There has been a tremendous amount of work internally that the customer at the moment will not be able to see. We are putting in place the building blocks to build the digital ecosystem aligned with Cell C evolving into a technology business. The work happening behind-the-scenes includes getting the right resources to build the digital ecosystem and skills development to enable the team to grow and have the right and necessary skills to work in a technology business. The customers should be able to see the fruits of our labour in the next twelve months. We also have automation projects being executed internally in support of the business, which again are not visible to customers but rather projects that allow us to service both internal and external customers better. We have been changing our world, so we can change our customers’ lives by giving them a superior customer experience.
The role of a CTO has evolved over the years with more C-level and business line executives getting involved in making IT decisions and formulating the overall technology strategy. How hard or easy is it for you to get the correct support and buy-in from your peers at Cell C?
I am of the belief that there needs to be a collaborative approach within the business to succeed based on the complexity of the business model and the digital age we live in today. We cannot work in silos because that hinders one to see any blind spots, therefore, a collaborative approach allows the business executives to identify gaps and offer input that are aligned with the business strategy and ensure objectives are met. With the direction Cell C is moving in at the moment, there is collaboration in the technology strategy and more and more executives are interested in what needs to happen and offering suggestions and or ideas. Internal partnerships are just as critical, as our external ones, to our success.
How is Cell C preparing for 5G rollout when ICASA auctions 5G spectrum later this year?
Cell C is becoming the biggest aggregator of network capacity and we are using our own spectrum to carry traffic through access to a virtualised radio access network (RAN) provisioned by our network infrastructure partner. We are bidding for spectrum later this year and are already in discussions with our roaming partners and close to the implementation of 5G services for our customers.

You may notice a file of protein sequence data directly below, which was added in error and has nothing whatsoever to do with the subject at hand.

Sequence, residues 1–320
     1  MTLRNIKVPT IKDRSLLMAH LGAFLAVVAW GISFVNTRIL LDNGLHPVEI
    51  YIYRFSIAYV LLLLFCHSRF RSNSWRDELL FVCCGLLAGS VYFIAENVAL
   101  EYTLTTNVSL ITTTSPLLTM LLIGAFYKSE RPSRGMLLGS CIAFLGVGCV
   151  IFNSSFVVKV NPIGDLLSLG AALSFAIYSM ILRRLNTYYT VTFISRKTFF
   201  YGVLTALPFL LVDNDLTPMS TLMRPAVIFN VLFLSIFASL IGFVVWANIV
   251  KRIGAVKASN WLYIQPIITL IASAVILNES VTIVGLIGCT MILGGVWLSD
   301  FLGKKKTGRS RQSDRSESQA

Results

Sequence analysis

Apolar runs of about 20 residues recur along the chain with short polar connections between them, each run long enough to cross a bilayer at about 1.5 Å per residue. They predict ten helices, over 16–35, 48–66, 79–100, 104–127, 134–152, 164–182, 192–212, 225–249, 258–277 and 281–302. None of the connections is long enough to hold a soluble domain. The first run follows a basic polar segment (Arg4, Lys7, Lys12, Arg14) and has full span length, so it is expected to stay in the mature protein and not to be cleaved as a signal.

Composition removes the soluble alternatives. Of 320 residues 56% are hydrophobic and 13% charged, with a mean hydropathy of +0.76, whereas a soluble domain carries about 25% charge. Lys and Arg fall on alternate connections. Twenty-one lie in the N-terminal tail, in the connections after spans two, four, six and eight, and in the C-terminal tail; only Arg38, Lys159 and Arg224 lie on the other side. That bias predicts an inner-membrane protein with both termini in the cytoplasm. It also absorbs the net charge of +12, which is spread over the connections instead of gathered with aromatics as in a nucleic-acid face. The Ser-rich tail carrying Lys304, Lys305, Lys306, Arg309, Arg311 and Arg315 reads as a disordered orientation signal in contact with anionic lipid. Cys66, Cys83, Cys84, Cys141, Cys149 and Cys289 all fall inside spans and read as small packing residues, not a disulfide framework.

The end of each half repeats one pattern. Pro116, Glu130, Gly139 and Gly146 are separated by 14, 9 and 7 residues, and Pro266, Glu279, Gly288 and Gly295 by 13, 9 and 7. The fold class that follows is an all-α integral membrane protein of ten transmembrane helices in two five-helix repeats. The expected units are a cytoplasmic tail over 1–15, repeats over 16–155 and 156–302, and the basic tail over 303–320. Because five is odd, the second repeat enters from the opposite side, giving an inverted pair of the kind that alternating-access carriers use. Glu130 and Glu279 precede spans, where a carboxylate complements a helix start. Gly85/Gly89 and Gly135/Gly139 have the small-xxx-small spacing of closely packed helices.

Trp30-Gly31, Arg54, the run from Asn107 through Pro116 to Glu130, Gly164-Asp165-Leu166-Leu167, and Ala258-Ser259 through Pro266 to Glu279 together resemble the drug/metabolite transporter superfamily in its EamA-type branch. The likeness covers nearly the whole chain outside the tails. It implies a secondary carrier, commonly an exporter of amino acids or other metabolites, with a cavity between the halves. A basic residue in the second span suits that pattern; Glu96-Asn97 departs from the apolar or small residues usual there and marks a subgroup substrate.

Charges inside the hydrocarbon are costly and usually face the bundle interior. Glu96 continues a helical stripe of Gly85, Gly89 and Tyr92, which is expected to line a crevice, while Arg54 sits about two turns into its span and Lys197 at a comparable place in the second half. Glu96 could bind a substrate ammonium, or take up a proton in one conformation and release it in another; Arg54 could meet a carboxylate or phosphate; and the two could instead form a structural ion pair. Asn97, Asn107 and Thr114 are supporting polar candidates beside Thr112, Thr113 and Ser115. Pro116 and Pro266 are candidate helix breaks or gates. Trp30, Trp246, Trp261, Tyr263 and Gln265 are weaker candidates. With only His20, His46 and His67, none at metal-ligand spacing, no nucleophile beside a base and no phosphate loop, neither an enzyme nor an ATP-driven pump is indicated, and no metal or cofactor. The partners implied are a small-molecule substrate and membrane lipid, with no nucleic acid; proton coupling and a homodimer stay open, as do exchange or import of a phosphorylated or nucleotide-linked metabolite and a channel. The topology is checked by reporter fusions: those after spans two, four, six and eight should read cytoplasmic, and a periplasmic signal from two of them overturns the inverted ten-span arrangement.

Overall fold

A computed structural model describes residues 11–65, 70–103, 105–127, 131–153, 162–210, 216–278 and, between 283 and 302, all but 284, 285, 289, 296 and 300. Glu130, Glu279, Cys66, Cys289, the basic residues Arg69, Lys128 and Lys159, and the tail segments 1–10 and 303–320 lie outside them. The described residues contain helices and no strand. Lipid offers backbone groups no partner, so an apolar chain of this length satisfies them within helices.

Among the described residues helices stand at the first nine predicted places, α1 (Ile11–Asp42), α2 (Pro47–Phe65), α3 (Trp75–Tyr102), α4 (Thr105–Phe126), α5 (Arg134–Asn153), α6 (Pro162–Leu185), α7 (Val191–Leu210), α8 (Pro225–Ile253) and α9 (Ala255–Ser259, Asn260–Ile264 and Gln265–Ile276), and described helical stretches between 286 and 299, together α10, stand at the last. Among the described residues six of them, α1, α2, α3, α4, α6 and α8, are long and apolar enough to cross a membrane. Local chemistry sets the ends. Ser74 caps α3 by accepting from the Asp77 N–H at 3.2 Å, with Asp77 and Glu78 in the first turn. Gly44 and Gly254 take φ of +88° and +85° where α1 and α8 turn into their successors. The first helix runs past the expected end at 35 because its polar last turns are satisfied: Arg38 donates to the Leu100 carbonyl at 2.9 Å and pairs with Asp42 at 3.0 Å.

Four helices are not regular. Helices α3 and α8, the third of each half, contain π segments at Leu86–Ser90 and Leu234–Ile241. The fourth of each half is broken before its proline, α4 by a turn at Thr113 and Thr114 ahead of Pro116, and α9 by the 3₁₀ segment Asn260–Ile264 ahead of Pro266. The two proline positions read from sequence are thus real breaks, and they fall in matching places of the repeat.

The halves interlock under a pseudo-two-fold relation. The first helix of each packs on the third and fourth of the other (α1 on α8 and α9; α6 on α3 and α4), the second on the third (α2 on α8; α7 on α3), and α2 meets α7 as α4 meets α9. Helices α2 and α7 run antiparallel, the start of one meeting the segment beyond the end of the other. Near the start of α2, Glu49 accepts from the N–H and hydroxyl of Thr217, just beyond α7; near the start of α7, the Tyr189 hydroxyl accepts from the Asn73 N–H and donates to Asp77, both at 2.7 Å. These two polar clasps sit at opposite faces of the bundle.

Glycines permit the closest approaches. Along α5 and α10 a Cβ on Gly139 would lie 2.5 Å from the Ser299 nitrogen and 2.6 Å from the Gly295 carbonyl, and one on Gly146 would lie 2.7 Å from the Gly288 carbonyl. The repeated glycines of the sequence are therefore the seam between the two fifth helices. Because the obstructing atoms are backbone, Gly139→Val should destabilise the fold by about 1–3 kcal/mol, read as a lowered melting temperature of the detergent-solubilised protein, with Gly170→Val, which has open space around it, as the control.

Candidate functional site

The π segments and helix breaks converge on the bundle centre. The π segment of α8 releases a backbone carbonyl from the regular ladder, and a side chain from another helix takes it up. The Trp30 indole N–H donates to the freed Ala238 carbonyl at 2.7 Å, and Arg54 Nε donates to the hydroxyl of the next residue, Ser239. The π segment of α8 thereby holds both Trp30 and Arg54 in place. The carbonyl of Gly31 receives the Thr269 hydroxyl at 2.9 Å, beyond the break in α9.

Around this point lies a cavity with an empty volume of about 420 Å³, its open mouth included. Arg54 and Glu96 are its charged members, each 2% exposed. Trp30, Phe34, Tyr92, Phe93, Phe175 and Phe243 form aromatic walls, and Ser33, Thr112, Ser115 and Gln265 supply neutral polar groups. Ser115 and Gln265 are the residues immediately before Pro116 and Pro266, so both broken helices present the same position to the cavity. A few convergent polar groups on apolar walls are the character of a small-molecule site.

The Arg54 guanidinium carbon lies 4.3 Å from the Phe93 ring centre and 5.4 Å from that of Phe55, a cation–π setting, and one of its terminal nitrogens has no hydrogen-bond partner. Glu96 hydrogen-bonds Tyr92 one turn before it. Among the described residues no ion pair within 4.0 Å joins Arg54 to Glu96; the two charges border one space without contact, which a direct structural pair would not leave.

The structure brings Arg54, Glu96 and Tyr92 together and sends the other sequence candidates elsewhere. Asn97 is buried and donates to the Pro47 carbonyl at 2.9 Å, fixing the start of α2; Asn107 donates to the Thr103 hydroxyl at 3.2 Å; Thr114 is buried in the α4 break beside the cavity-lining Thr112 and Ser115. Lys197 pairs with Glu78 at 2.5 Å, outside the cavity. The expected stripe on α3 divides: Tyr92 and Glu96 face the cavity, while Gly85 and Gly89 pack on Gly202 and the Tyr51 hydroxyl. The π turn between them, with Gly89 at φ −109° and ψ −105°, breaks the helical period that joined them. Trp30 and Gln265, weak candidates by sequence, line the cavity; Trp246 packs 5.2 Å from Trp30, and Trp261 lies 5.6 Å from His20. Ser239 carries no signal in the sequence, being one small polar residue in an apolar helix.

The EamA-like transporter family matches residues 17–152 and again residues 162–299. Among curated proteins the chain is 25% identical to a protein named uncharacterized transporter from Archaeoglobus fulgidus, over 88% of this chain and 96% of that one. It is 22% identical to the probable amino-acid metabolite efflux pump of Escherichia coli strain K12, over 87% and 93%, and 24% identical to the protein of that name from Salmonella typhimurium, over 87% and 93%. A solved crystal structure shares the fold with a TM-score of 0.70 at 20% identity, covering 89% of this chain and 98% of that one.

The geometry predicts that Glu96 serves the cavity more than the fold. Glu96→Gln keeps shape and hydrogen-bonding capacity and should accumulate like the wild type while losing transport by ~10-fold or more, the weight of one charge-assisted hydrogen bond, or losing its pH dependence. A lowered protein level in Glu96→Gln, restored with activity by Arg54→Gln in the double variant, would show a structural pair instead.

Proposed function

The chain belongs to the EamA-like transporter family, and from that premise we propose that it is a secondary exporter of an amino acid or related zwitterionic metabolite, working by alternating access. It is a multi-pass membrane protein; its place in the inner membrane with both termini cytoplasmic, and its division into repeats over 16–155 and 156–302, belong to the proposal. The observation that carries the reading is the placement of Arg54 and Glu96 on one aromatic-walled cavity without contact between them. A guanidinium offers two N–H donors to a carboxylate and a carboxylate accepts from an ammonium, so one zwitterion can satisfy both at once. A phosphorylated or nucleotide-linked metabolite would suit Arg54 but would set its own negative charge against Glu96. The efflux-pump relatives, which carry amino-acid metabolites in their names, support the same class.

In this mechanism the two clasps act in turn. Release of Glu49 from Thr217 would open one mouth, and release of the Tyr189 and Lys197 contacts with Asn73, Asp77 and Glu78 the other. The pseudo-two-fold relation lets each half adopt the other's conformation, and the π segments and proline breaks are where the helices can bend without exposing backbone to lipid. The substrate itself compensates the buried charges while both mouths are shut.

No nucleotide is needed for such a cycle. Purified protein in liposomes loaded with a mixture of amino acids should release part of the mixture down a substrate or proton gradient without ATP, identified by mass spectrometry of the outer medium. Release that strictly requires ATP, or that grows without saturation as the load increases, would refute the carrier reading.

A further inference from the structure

Which telecoms equipment vendors is Cell C South Africa working with to roll-out its 5G network?
As mentioned earlier, we are leveraging off our roaming partners for the access component of the telecoms value chain. Huawei is our incumbent technology partner on our core and billing systems.
Talk us through what the rollout of 5G will mean for Cell C customers and what sort of services and experiences can they expect from your company that they are currently not getting?
As an industry, we need to be cautious in creating an expectation that a 5G network will be rolled out as quickly as 4G and 3G networks because the frequencies used in 5G is much higher, which means it doesn’t reach as far. What I mean by that is, in order to cover the same area as 3G and 4G networks, there will need to be many more 5G sites to cover the same geographical area.
The first use case for 5G would be fixed wireless access service for customers – areas where there isn’t a fibre footprint the solution would be to deploy 5G fixed wire access. Another use case, which is in the future, we will see automation in various industries with delicate remote procedures made possible due to the low latency of 5G. Internet of Things (IoT) technologies will also become more prevalent due to the ability of 5G to support a lot more connections and devices at a given point in time.
What impact will the rollout of 5G networks across South Africa have on Cell C’s Digital Transformation journey?
We need to always bring it back to the customer by identifying a challenge they face and providing the right solution. 5G will provide more people access to high-speed Internet, which enable the execution of digital activities such as gaming, virtual reality and the high bandwidth combined with low latency has the potential for remote healthcare services. Fibre access in remote areas is expensive in terms of infrastructure and difficult to justify the investment commercially, if leveraged correctly 5G can bridge some of that divide. Although 5G is being deployed in South Africa at the moment, 4G/LTE will still have a key role to play in South Africa for a while because we still need to ensure people are connected and bridge the digital divide.